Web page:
So what’s a former United Methodist, now Unitarian Universalist, believe about Jesus? I could just outright reject Jesus; erase him from my memory. But his story is a big part of my story; he’s part of my life soundtrack. If I never heard his story and wrestled with its meaning, I’m not sure I would be the person I am today. Does that mean I think everyone needs to tango with Jesus? No, definitely not. There are other teachers of love and tolerance out there; there are other stories of redemption…. but there is something pretty provocative about Jesus. And I think it’s because he’s the ultimate mashup.

He’s this real, imperfect, human visionary who lived thousands of years ago; who challenged assumptions, gathered followers, hung out with slaves and prostitutes, preached in riddles, confused a lot of people, but also empowered a lot of people – a guy who questioned his religion and its dependence on rules instead of love.

Then he was executed by the state. He was a troublemaker. That’s when the true resurrection happened: not a man rising from the dead, but people taking the story of the execution of this powerless Jewish guy who lived under Roman occupation and spreading this story, tweaking it, enhancing it —as we humans are wont to do with stories… And this rabbi who spoke of peace in the midst of Roman authority and how the poor would inherit the earth in the midst of huge wealth disparity (all sounding a bit familiar?)…. well, this guy becomes a bit of a savior – a symbol to anyone on the bottom. Of course, like Moses before him, and every other cultural superhero before and hence, his story becomes so amplified and mutated, it’s hard to find the true message under all the layers of crap. And yes, I say crap, because so much was heaped upon this guy — far more than the weight of a wooden crossbeam. Salvation of the world. Deliverer of the masses. Judge of the living and the dead.

This is the traditional Christian mashup: Jesus the teacher, Christ the Savior. Through the years these two themes—Jesus Christ—have sometimes brought comfort and liberation to the oppressed, and sometimes, too many times, have brought persecution, terror, and abuse.

O for a world where goods are shared           [tune: O For a Thousand Tongues to Sing]
And misery relieved,                                   [lyrics by Miriam Therese Winter]
Where truth is spoken, children spared,
Equality achieved.

I felt my Lord’s Atoning Blood,                     [tune: O For a Thousand Tongues to Sing]
Close to my soul applied;                            [lyrics by Charles Wesley]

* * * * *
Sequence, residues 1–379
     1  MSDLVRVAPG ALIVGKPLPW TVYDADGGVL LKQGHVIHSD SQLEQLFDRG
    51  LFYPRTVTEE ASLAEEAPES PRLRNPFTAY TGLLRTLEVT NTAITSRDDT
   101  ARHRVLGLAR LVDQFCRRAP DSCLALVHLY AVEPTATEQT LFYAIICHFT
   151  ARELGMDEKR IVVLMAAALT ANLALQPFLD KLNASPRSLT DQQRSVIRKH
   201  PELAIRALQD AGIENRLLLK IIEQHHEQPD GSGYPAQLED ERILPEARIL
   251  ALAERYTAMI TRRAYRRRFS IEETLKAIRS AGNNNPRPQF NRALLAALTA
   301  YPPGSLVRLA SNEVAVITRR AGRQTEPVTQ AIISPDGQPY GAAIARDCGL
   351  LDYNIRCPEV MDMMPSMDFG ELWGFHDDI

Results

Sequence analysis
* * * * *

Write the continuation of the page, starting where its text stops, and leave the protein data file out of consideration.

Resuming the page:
Me, me He loved, the Son of God,
For me, for me He died!…..

What a horrible remix this is! Far too many layers. The bass is overpowering. The harmonic message lost in the cacophony. What can we salvage from the remnant mashup that remains from this man’s life? from this faith which has repeatedly liberated while simultaneously enslaving?

In our bible class, the question was asked, “Why are we studying about Jesus in this way, if this is not the Jesus that the religion is based on?” Well it is the Jesus; the guy lost under the religious rhetorical rubble. But we don’t really know who he was. We don’t know what he would think of Christianity, the faith formed out of his story. All we can do is follow our 4th principle: search for truth and meaning. Meaning is still to be found in Jesus’ teachings–about love, justice, compassion—these still resonate today; these still challenge us to be our best selves. And these teachings resound in our UU principles. Jesus is one of our Sources.

And as UUs, we possess a great privilege: we get to be the Deejays. We get to do what a really successful mashup does—take the best parts and fit them together in a way that improves each and sets them in conversation with each other. Teaching this class reminded me that I can, if I want, still include Jesus in my spiritual journey and in my beliefs. But I will have to become a new storyteller and I’ll definitely have to create a seriously improved mashup.


Early in our Bible class we had an exercise where we invited members to tell of their history with the Bible and to name any baggage they might be carrying about Jesus. Like Elizabeth, many had childhood experience in a Christian church and some were carrying heavy stuff – disappointments from childhood churches, arguments with ministers, difficult interactions with family members.

For me, though, there wasn’t much to tell. I grew up in a Unitarian Universalist church where I remember learning vivid creation stories from the Bushmen and acting out Greek myths, but I don’t remember much about Jesus. I’m sure I had contact with Bible stories at some point, but they didn’t much of an impression.

As an adult my spirituality has long been centered in a kind of Emersonian wonder in nature and a humanistic ethics. There was much to fill my reflections, and I didn’t see what the Bible would add to it.